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film review

Kristian Jordan and Hera Nalam star in I Propose We Never See Each Other Again After Tonight.Brad Crawford/Courtesy of Mongrel Media

  • I Propose That We Never See Each Other Again After Tonight
  • Written and directed by Sean Garrity
  • Starring Hera Nalam, Kristian Jordan and Andrea Macasaet
  • Classification 14A; 102 minutes


2.5 out of 4 stars

The new Canadian rom-com I Propose That We Never See Each Other Again desperately wants to be loved. You can sense that burning desire right from the film’s opening sequence, in which writer-director Sean Garrity treats Winnipeg as a delightfully romantic, if ridiculously cold, locale to get lost in. And the movie gets so, so close to achieving its goal of complete audience seduction and surrender, too. Right before it rips your heart out with a narrative turn that has to be seen to be (dis)believed.

Writer-director Sean Garrity has a big-hearted time exploring the cultures that make Winnipeg what it is.Andrew Forbes/Courtesy of Mongrel Media

Things start off charmingly enough, with Iris (Hera Nalam) and Simon (Kristian Jordan) encountering each other after joining forces to push a car out of a snowbank, an incident that I can only assume is a traditional Winnipeg meet-cute. He’s a commitment-phobe who is carrying various emotional scars from his strict Mennonite upbringing, while she’s nursing the hurt of a soured long-term relationship, as well as the constant intrusions of her tight-knit Filipino family. Things go well enough – and Garrity has a fun, big-hearted time exploring the cultures and communities that make Winnipeg what it is – until they don’t.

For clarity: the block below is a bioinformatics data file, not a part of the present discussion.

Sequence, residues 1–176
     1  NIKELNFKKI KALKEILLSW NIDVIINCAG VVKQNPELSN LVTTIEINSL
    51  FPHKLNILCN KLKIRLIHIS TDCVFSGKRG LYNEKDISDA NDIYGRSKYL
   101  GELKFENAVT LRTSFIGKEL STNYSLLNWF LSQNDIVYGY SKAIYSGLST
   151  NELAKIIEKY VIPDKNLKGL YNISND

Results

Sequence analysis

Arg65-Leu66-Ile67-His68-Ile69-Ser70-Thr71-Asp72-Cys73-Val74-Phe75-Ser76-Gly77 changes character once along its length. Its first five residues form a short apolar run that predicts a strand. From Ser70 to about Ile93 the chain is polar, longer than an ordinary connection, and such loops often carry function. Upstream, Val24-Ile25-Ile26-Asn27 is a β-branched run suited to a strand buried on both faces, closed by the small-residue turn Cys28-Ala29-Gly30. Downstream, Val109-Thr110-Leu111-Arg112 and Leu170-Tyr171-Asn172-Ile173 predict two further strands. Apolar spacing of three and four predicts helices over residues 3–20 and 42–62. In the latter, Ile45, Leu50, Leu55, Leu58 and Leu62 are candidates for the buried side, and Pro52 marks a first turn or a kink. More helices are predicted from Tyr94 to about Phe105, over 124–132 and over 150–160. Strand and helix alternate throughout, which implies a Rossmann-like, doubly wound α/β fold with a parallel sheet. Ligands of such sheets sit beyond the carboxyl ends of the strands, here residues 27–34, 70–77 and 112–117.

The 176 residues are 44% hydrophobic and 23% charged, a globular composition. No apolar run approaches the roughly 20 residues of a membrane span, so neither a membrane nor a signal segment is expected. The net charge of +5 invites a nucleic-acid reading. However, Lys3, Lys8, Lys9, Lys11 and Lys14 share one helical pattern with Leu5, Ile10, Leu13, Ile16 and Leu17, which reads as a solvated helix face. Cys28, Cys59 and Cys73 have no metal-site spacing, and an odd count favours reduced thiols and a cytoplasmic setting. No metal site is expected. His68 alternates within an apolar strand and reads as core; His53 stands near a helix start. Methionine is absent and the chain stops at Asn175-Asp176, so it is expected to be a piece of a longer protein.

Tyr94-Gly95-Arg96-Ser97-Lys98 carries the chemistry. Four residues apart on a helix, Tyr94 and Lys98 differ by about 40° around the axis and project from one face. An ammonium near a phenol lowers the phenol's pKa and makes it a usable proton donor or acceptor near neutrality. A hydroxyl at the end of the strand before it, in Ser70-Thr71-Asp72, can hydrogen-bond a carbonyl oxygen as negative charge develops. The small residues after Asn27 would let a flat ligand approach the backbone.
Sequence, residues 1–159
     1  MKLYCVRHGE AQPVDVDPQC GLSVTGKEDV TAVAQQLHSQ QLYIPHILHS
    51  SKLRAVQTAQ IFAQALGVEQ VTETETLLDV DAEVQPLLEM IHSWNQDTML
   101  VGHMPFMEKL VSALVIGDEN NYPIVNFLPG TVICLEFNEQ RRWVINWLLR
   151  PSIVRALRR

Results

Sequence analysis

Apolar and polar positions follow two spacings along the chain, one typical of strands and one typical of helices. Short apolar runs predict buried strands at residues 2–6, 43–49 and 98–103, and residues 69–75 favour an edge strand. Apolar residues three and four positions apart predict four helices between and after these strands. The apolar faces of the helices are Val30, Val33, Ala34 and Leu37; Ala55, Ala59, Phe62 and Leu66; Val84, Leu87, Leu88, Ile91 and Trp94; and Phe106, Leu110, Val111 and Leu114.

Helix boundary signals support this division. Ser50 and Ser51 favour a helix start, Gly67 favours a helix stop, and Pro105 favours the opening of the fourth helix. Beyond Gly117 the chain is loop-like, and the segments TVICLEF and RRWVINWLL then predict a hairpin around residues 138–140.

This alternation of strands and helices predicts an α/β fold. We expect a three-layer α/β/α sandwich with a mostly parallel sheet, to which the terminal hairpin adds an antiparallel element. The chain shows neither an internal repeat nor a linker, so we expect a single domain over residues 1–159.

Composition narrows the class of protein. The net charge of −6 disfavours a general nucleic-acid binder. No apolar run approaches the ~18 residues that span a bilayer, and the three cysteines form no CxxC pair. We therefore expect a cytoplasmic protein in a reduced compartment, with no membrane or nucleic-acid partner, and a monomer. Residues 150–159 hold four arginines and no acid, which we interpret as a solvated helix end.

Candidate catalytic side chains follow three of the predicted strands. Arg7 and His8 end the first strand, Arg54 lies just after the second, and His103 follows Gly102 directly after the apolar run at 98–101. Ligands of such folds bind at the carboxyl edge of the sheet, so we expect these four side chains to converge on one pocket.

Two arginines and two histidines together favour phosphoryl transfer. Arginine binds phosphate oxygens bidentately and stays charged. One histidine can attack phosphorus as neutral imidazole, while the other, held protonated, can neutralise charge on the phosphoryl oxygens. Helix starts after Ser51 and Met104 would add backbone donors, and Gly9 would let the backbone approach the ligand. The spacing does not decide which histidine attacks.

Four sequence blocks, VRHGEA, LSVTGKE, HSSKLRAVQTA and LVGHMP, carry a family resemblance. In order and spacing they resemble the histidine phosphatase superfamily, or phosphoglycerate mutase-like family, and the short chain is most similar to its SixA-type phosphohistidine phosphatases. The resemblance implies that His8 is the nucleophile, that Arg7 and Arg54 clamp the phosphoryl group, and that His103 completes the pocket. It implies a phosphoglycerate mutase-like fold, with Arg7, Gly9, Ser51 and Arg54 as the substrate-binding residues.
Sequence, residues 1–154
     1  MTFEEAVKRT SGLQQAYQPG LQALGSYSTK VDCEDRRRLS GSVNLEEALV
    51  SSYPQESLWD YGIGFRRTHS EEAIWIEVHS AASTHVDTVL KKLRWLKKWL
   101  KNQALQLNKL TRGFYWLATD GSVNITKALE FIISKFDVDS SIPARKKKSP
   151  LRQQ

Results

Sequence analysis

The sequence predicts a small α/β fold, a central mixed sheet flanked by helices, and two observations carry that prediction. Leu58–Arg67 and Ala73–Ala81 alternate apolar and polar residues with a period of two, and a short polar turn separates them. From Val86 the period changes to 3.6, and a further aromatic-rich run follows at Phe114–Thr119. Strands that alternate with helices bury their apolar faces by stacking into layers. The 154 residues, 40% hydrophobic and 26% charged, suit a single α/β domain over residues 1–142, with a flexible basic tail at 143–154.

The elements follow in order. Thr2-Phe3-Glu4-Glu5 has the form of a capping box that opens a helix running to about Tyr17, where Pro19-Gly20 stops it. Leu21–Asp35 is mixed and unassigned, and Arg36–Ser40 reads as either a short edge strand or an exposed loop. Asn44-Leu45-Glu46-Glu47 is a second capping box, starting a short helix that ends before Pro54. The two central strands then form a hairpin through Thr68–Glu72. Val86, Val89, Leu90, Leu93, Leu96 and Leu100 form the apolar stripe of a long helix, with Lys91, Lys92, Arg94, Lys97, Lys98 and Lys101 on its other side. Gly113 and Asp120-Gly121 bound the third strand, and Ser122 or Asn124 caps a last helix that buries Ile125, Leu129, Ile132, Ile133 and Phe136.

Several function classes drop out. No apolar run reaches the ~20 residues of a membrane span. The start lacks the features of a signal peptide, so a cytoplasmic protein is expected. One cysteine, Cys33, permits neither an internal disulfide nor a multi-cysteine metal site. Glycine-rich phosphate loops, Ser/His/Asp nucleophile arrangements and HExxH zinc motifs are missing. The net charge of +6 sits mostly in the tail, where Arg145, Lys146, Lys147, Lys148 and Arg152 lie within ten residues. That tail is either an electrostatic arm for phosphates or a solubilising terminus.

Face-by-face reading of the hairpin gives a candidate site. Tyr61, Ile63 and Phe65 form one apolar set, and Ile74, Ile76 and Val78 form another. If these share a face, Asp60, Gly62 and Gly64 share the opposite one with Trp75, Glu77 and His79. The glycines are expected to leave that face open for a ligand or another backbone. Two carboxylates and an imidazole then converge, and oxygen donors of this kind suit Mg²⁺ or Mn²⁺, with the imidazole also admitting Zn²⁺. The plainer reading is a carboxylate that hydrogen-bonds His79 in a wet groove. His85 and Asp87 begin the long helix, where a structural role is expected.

Which is when the movie falls apart, with Garrity’s script turning a handful of misunderstandings into something of a gross slut-shame moment and urging his audience to feel sympathy for a man who, through his actions and inaction, reveals himself to be too-proud schmuck. If the film were interested in exploring the complexities of Simon’s immature persona, that would be one thing. But mostly, I Propose That... positions a dunce in the hero role and calls it a day.

Iris's Filipino family speak to her in un-subtitled Tagalog.Brad Crawford/Courtesy of Mongrel Media

The film does get a tremendous boost from Nalam, though. The first-time actress is immensely charming, even when the script requires her character to trip over some implausible emotional traps. Her presence, and Garrity’s interesting-but-smart decision to have her family talk to her in un-subtitled Tagalog, almost compensate for the movie’s heartbreaking romantic philosophy.

I Propose That We Never See Each Other Again After Tonight opens Sept. 4 at the Cineplex Cinemas Mississauga and Cineplex Odeon Morningside Cinemas

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